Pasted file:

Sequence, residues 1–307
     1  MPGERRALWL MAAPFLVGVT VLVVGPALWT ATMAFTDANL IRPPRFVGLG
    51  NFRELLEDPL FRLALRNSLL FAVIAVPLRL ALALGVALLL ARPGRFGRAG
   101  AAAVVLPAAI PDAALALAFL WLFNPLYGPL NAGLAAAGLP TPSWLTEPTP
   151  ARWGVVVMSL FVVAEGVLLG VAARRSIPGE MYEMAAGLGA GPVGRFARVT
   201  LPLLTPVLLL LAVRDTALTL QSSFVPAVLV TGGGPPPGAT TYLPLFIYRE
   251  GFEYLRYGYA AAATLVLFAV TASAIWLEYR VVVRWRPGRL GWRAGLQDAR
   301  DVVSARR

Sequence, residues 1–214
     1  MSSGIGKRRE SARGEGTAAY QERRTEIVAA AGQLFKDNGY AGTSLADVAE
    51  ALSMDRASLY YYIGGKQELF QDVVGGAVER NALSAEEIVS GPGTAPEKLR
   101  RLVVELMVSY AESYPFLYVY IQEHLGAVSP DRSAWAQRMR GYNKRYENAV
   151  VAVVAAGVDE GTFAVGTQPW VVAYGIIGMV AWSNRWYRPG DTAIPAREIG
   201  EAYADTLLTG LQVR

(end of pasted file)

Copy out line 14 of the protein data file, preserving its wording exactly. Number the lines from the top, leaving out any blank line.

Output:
   201  EAYADTLLTG LQVR